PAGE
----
Molecular biology reports

Characterization of a naturally occurring truncated Dicer.

PMID 25911188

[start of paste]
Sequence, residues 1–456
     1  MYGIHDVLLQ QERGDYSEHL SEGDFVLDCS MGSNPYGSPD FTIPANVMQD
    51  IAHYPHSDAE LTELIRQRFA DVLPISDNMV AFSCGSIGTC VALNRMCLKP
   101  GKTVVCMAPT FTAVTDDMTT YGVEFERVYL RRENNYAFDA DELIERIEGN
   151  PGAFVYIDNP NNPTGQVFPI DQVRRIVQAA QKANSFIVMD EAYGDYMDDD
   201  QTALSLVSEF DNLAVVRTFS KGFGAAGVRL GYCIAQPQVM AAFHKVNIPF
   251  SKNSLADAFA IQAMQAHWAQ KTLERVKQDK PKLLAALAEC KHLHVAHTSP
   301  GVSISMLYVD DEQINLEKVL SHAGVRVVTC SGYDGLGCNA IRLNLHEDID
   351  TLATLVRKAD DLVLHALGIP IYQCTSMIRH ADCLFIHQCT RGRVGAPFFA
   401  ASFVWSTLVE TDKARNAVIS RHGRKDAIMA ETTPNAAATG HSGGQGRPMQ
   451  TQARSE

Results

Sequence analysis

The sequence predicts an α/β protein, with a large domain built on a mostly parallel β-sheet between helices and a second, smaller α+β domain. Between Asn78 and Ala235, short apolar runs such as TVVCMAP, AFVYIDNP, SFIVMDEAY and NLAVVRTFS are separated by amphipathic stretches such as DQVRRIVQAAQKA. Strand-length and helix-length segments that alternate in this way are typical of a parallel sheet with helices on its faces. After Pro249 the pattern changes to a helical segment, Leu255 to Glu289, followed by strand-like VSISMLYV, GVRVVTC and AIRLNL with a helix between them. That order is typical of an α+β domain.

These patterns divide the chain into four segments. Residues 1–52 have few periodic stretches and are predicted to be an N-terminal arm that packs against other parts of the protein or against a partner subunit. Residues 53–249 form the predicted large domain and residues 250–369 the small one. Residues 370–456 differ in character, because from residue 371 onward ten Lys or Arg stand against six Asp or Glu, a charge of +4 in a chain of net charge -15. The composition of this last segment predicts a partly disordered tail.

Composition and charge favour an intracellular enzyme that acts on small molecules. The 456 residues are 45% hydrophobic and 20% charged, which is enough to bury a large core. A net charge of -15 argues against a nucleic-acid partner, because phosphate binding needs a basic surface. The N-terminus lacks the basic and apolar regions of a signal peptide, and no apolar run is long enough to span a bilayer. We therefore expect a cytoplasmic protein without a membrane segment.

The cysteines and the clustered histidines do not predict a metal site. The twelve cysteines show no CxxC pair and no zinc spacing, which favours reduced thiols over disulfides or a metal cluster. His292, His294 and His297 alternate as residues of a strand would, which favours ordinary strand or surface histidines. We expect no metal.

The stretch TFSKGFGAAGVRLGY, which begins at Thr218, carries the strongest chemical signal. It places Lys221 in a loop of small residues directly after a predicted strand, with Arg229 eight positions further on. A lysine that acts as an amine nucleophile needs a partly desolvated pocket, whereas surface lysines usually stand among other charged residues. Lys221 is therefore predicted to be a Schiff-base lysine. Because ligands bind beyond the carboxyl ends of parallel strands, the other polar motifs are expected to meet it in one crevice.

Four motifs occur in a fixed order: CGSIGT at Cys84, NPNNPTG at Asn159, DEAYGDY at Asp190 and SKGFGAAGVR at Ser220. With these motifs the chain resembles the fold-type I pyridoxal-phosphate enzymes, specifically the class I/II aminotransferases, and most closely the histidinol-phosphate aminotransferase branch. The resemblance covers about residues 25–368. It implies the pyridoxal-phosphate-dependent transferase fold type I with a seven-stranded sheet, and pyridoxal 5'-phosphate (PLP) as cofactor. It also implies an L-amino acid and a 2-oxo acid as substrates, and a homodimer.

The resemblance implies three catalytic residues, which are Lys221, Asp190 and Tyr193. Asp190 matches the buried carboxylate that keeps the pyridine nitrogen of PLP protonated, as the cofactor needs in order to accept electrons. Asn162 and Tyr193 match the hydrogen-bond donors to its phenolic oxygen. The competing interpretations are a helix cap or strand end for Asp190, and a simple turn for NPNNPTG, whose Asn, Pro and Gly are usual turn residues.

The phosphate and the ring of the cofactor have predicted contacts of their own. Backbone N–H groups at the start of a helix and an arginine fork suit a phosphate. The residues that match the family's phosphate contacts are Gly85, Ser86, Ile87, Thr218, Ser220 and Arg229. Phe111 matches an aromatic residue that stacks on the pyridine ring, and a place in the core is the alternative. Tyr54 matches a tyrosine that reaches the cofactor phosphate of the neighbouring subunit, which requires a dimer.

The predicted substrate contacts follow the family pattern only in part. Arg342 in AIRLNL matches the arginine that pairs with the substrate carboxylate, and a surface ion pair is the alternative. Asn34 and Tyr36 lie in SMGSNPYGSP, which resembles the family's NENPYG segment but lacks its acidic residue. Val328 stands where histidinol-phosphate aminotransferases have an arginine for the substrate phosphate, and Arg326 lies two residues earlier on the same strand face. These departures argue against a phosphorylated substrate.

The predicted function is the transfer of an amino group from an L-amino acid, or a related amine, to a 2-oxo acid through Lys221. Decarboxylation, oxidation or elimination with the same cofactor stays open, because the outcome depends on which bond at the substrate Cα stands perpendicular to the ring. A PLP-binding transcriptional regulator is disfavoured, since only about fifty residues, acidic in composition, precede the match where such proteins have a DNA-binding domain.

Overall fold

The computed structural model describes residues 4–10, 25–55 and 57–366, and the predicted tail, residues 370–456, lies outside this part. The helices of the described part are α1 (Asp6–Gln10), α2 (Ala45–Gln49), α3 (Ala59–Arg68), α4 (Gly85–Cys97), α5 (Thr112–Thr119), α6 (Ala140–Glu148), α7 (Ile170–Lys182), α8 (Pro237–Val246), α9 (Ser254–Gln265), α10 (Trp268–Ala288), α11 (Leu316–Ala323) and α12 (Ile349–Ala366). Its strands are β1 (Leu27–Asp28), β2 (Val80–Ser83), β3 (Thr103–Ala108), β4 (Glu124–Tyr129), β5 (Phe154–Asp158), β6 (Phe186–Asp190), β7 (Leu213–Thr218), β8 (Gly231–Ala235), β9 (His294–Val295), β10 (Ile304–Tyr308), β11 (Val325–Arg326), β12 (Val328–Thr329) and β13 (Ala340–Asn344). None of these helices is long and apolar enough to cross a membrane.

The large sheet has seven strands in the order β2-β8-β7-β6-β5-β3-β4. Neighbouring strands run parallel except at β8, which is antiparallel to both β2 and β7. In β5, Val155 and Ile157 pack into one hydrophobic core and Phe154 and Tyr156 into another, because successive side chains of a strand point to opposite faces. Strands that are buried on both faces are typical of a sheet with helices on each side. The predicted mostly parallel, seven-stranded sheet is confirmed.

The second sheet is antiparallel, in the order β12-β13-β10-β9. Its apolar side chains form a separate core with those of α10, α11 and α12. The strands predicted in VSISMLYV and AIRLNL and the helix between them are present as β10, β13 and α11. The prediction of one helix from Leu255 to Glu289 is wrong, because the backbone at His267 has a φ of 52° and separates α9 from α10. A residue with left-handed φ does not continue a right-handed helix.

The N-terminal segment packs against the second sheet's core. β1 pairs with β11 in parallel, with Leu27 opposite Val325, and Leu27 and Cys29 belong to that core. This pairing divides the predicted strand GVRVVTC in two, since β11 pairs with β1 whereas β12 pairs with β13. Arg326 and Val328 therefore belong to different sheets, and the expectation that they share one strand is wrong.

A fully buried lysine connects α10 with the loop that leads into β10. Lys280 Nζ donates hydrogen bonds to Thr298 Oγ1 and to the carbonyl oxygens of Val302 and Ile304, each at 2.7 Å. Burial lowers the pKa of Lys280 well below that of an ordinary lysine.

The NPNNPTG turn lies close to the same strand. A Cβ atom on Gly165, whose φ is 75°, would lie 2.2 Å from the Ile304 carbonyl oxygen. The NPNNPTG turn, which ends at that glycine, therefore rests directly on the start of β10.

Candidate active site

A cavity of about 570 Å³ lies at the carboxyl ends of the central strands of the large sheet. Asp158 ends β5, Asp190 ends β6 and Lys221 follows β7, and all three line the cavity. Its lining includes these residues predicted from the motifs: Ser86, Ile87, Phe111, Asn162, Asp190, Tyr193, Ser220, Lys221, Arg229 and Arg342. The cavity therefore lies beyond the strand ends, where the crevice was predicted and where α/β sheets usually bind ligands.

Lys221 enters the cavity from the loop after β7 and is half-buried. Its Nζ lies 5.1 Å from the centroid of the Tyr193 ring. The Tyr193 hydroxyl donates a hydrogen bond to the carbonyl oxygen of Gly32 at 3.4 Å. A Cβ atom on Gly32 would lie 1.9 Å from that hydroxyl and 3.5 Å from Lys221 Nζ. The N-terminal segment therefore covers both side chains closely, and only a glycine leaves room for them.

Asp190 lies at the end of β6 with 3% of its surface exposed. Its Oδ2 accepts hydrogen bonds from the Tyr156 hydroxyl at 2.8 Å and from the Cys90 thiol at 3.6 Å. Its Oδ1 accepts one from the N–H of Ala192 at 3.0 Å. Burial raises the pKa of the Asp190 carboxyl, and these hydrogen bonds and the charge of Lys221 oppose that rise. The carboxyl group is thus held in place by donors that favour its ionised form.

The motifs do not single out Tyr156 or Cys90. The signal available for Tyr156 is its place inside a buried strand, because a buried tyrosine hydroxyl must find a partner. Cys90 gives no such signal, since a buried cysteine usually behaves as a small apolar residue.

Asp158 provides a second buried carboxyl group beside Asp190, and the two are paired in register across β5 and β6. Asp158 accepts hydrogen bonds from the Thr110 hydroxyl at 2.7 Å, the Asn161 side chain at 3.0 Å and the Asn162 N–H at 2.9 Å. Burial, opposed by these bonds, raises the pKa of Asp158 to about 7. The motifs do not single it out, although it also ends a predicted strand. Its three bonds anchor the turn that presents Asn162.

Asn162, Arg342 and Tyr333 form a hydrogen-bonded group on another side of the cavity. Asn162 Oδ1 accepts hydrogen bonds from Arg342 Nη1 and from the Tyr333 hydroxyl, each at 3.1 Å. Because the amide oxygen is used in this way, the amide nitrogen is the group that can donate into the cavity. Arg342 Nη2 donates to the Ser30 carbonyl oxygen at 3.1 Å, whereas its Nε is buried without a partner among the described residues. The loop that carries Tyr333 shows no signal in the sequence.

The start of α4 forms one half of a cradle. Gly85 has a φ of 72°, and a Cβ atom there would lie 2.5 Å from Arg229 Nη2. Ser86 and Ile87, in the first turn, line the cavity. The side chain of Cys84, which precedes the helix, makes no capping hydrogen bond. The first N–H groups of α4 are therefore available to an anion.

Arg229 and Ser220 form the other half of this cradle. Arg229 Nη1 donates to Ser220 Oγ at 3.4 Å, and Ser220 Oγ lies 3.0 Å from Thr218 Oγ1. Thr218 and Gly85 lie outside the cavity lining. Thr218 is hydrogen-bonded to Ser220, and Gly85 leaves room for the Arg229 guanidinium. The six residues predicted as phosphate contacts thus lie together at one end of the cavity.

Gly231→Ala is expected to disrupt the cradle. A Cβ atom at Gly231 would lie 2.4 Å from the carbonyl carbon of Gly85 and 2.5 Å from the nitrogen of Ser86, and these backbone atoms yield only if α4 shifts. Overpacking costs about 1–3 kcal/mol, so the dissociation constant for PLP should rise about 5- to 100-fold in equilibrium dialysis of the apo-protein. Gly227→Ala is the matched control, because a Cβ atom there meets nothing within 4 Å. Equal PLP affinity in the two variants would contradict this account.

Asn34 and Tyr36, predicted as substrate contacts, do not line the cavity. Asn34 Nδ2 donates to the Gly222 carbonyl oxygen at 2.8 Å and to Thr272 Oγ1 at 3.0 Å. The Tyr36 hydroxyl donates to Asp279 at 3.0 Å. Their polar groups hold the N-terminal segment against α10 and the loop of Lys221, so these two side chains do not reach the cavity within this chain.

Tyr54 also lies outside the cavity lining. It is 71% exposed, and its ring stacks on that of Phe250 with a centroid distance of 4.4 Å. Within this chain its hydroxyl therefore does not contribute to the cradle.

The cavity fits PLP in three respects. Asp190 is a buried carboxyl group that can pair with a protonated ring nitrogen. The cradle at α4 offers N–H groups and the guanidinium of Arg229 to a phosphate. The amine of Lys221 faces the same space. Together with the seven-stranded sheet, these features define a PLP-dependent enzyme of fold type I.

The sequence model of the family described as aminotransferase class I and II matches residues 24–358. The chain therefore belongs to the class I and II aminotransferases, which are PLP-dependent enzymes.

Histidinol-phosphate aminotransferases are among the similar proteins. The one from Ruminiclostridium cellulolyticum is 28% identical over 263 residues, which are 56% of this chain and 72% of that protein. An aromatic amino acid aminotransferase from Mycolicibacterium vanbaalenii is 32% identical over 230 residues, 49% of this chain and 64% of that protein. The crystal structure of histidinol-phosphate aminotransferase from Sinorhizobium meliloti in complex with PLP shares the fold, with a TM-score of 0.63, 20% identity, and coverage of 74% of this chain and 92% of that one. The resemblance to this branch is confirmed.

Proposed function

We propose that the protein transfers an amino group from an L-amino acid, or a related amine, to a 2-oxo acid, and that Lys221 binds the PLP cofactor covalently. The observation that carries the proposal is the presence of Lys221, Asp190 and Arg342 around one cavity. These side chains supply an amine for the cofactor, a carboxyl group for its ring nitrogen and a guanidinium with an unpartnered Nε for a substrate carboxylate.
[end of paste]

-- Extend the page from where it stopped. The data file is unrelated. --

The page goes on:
Dicer is central to small RNA silencing pathways, thus playing an important role in physiological and pathological states. Recently, a number of mutations in dicer gene have been identified in diverse types of cancer, implicating Dicer in oncogenic cooperation. Here we report on the properties of a rare splice variant of the human dicer gene, occurring in neuroblastoma cells, and not detectable in normal tissues. Due to the skipping of one exon, the alternatively spliced transcript encodes a putative truncated protein, t-Dicer, lacking the dsRNA-binding domain and bearing altered one of the two RNase III catalytic centers. The ability of the exon-depleted t-dicer transcript to be translated in vitro was first investigated by the expression of flagged t-Dicer in human cells. We found that t-dicer transcript could be translated in vitro, albeit not as efficiently as full-length dicer transcript. Then, the possible enzymatic activity of t-Dicer was analyzed by an in vitro dicing assay able to distinguish the enzymatic activity of the individual RNase III domains. We showed that t-Dicer preserved partial dicing activity. Overall, the results indicate that t-dicer transcript could produce a protein still able to bind the substrate and to cleave only one of the two pre-miRNA strands. Given the increasing number of mutations reported for dicer gene in tumours, our experimental approach could be useful to characterize the activity of these mutants, which may dictate changes in selected classes of small RNAs and/or lead to their aberrant maturation.